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The first debate (part one) is over. Two hours of tedious remarks, pandering, and Bill de Blasio shouting have come and gone.
Our first official glimpse of the Democratic primary field in action had some expected points but way more surprises than I’d anticipated – particularly from the unknowns in the field. As I mentioned earlier this evening, it was Elizabeth Warren’s and Corey Booker’s debate to lose, and I am not entirely sure they didn’t. We also had to suffer through technical issues – signal loss and hot mics from people not on stage – and interruptions in the form of candidates who didn’t get much time to say anything wanting more time to say things.
First, we need to establish a couple of rules in deciding who the winners and losers are. Obviously, those who did the best in terms of arguing are near the top. But another determining factor is how they came across. The final factor, although a minuscule one, is the strength of their ideas. Granted, as a conservative site, RedState does not officially endorse the ideas of the Democratic Party. However, the strength of these ideas can come in the form of presentation and passion – more rhetorical strength than actual policy strength.
With all that said, here are the winners and losers of the first debate (part one).
The Winners: Julian Castro, Tulsi Gabbard, Elizabeth Warren
Far and away, the best, most spirited, and the most surprising performance of the night came from Julian Castro. He played to his strengths – Latin American interests and the immigration crisis – very well and it worked more effectively than perhaps it should have, but with the crisis at the border being in the spotlight all week, it was only natural that he would have a great night.
More than that, though, Castro was deeply passionate on any subject he spoke about, and he was not afraid to beat up the other candidates in an effort to prove his passion was the best passion.
Tulsi Gabbard, I think, had a better night than she’ll be given credit for – particularly in her use of past military experience, her time spent in the Middle East serving our country, and the way she beat Tim Ryan like a rented mule over his comments on the Middle East. Her strength is obviously going to be in foreign policy as it pertains to the Middle East, the single-most troublesome region America has to deal with. By combining her military experience with her progressive ideology, she did very well in proving her worth on that stage.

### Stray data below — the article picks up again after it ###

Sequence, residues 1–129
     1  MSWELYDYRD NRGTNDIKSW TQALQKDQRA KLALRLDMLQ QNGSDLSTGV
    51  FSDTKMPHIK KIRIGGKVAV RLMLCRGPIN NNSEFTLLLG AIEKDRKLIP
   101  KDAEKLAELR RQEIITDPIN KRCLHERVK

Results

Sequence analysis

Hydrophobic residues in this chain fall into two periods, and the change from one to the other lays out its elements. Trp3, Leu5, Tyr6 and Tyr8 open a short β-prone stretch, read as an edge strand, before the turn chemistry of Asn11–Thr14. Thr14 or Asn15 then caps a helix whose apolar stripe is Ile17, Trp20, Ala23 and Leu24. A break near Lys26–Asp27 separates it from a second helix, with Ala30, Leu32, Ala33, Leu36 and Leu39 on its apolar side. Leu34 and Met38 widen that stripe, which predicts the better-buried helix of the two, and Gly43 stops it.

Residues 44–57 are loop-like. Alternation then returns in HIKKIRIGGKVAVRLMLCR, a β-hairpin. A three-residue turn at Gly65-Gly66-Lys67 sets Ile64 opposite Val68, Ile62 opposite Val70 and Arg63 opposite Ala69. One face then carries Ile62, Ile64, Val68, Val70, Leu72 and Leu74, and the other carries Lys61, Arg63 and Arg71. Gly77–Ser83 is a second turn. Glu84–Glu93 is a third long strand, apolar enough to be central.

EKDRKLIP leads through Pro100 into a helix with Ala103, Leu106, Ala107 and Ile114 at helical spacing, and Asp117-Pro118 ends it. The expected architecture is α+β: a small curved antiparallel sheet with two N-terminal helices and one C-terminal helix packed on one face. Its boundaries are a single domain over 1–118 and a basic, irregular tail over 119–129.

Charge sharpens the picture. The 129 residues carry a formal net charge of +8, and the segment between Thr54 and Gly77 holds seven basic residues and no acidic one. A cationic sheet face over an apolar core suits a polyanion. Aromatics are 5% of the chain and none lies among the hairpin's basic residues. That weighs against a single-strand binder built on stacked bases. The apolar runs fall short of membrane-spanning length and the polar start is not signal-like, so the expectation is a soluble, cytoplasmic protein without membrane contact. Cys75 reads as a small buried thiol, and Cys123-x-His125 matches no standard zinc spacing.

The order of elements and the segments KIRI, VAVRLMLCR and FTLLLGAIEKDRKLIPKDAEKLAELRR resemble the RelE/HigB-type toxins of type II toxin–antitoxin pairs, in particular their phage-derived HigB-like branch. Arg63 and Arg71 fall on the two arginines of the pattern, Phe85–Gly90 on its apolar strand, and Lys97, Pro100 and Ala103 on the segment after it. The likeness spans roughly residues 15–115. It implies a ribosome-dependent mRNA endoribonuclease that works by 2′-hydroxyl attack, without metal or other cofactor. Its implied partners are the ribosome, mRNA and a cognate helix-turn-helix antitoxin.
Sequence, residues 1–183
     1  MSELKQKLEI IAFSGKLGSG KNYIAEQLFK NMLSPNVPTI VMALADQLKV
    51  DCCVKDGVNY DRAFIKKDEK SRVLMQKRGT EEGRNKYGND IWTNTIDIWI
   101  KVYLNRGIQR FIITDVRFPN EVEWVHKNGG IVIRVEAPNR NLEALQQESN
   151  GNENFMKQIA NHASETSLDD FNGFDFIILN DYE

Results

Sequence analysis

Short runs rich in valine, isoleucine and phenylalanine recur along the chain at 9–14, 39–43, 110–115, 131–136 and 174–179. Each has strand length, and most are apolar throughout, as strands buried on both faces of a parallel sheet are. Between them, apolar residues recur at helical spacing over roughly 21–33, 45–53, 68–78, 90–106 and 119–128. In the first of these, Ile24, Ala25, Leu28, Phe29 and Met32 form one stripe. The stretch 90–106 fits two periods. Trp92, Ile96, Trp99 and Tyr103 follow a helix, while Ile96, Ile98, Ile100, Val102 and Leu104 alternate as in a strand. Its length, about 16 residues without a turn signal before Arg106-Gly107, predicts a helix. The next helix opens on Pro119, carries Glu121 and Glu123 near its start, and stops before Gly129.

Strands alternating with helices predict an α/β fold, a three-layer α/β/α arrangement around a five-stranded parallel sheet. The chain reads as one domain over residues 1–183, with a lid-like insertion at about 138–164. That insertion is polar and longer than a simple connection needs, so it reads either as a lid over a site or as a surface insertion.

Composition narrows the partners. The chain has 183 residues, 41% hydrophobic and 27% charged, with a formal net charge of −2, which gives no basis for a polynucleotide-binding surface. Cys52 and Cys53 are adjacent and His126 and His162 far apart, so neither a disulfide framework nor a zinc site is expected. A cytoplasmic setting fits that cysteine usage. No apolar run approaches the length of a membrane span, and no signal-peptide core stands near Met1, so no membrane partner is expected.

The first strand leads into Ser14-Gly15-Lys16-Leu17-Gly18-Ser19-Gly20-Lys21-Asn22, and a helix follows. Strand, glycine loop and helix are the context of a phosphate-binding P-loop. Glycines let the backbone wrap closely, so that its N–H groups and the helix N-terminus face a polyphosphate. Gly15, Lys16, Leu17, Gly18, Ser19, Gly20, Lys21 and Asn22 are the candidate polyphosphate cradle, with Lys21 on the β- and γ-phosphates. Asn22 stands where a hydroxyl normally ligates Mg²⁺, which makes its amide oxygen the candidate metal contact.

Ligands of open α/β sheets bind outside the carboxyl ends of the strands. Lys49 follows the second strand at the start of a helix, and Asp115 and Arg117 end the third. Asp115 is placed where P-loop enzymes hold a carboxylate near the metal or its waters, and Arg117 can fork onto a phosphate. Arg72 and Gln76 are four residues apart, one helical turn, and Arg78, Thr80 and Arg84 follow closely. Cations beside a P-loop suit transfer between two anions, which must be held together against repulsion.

Interestingly, I think Elizabeth Warren managed to keep a top spot, but that wasn’t for lack of trying. Or, rather, it was despite her lack of trying. While other candidates argued and interrupted each other, she was quiet and said virtually nothing during the segment on immigration and the border crisis. She pretty obviously seems to think that keeping the powder dry for Trump is the way to go, but it made her forgettable amidst the chaos.
That’s not the route to the presidency she thinks it is. She is sharing the stage not only with nine other candidates but competing against another ten who will be on stage twenty four hours later and have an opportunity to outshine her.
If I had to pick a winner out of those three, I’d pick Julian Castro.
The Losers: Beto O’Rourke, Bill de Blasio, Tim Ryan
The biggest loser of the night has got to be Beto O’Rourke. Bill de Blasio, Julian Castro, Corey Booker, and probably one or two others went after O’Rourke hard and frequently. He’s seen as the one of the biggest middle-tier threats (if not THE biggest), and for many guys on the middle and bottom tiers, he has to be removed from the board.